Say a reward was offered for a machine learning system that could predict the outcome of part completed reviews, and a nice test dataset was provided, would it make a interesting project for 3rd year (or master) Computer Science students?
Then if a system was found that would predict the outcome of some reviews 99% of the time, it may offer a way to allow these reviews to be auto completed.
For example, it may be the case that a review that is skipped by a lot of users, and “leave open” by 2 users, without a close vote cast, can just be auto completed on the bases that it will hardly ever result in the question being closed.
Some more thoughts on this.
I think we have 3 “sets” of questions reviews.
- Bad: Questions that clearly should be closed.
- Good: Questions that should be clearly left open.
- SoWhat: Questions that are of little value, but not so bad as to get into the “Bad” set. Do we care what the outcome is on these?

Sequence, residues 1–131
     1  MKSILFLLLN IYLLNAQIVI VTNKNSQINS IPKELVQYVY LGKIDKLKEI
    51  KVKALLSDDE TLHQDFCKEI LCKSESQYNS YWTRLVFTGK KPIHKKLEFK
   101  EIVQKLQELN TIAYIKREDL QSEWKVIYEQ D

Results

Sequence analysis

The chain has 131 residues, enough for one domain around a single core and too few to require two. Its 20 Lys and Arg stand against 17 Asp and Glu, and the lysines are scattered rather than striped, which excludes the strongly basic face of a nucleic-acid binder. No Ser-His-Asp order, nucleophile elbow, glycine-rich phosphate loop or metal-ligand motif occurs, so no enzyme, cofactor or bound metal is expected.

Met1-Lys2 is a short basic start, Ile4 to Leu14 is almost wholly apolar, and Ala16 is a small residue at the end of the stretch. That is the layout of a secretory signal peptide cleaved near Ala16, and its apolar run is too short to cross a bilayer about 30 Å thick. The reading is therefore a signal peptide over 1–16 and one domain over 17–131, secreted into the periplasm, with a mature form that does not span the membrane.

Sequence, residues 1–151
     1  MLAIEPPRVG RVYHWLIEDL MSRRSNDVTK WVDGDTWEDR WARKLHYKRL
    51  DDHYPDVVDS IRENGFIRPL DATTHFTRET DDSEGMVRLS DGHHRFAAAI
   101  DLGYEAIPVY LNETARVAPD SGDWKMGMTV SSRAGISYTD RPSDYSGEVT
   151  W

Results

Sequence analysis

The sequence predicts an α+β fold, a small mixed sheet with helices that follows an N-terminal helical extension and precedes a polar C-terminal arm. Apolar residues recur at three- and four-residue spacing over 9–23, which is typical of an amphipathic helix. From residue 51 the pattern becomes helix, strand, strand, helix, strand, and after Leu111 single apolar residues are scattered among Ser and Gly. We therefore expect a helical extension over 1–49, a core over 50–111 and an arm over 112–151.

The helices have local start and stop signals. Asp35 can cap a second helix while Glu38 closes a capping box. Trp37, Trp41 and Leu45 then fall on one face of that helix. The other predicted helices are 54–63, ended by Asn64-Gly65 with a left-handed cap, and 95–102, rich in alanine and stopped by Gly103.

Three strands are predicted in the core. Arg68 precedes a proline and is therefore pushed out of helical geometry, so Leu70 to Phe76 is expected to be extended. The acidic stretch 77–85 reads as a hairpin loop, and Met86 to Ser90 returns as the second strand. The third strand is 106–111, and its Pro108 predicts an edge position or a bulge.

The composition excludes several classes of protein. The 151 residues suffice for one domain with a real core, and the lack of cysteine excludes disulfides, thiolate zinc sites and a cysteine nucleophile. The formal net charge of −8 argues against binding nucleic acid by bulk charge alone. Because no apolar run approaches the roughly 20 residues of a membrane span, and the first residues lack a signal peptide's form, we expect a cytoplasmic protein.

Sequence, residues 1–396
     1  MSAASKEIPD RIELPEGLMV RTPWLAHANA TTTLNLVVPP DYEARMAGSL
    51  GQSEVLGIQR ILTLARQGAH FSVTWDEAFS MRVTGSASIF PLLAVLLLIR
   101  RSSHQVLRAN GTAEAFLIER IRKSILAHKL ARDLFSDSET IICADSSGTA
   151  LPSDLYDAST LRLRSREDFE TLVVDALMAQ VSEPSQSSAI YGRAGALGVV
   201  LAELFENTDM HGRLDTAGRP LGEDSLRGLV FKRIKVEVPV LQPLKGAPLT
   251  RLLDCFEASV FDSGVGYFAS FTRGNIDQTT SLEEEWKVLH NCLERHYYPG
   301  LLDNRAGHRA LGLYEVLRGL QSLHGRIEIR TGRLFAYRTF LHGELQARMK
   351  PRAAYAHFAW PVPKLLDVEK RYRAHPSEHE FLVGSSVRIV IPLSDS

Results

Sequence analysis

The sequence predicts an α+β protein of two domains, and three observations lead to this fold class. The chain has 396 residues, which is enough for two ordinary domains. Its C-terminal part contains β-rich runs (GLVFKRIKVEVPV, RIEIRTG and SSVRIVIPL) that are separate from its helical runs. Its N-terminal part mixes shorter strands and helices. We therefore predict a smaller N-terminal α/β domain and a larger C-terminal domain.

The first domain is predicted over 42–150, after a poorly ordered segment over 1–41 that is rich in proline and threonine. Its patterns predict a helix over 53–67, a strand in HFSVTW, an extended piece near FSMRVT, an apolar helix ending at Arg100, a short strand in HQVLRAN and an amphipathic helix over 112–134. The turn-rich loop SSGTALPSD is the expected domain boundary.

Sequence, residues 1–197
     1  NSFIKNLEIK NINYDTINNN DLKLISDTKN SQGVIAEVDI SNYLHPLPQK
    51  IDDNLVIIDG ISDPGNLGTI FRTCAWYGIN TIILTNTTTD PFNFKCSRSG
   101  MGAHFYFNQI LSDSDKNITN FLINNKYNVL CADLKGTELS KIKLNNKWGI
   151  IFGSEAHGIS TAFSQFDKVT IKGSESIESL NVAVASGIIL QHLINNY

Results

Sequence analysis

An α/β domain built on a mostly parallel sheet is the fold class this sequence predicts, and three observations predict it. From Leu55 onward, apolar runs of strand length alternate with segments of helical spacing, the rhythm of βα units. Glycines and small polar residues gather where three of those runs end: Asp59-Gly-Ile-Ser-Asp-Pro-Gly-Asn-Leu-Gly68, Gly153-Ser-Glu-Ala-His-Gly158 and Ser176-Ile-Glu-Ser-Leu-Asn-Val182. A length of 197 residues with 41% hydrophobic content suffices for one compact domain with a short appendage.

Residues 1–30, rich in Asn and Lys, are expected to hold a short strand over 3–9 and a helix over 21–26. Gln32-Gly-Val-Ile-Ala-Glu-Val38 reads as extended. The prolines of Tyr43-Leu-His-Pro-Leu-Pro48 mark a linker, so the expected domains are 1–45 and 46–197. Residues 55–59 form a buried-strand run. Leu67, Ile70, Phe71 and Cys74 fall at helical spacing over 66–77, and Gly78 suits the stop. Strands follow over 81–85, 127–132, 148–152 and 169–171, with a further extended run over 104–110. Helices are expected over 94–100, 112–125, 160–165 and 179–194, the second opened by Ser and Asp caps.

I expect that most review tasks are in the “SoWhat” set, and that most people will agree that review tasks in the “Bad” set are more important.
So if there was some way to predict if a review task was likely to be in the “bad” set, it could be moved up the review queue so it got completed quicker.
If it could be predicted that it was very unlikely that a task was in the “bad” set, then it could just be removed from the review queue. (It will go back in if it gets anther close votes.)
I expect that by looking at how long reviews take, how many skips, the past history of the reviewer etc, each review would be found to provide more information on the outcome, then is just picked up by looking at the number of “close” and “leave open” votes.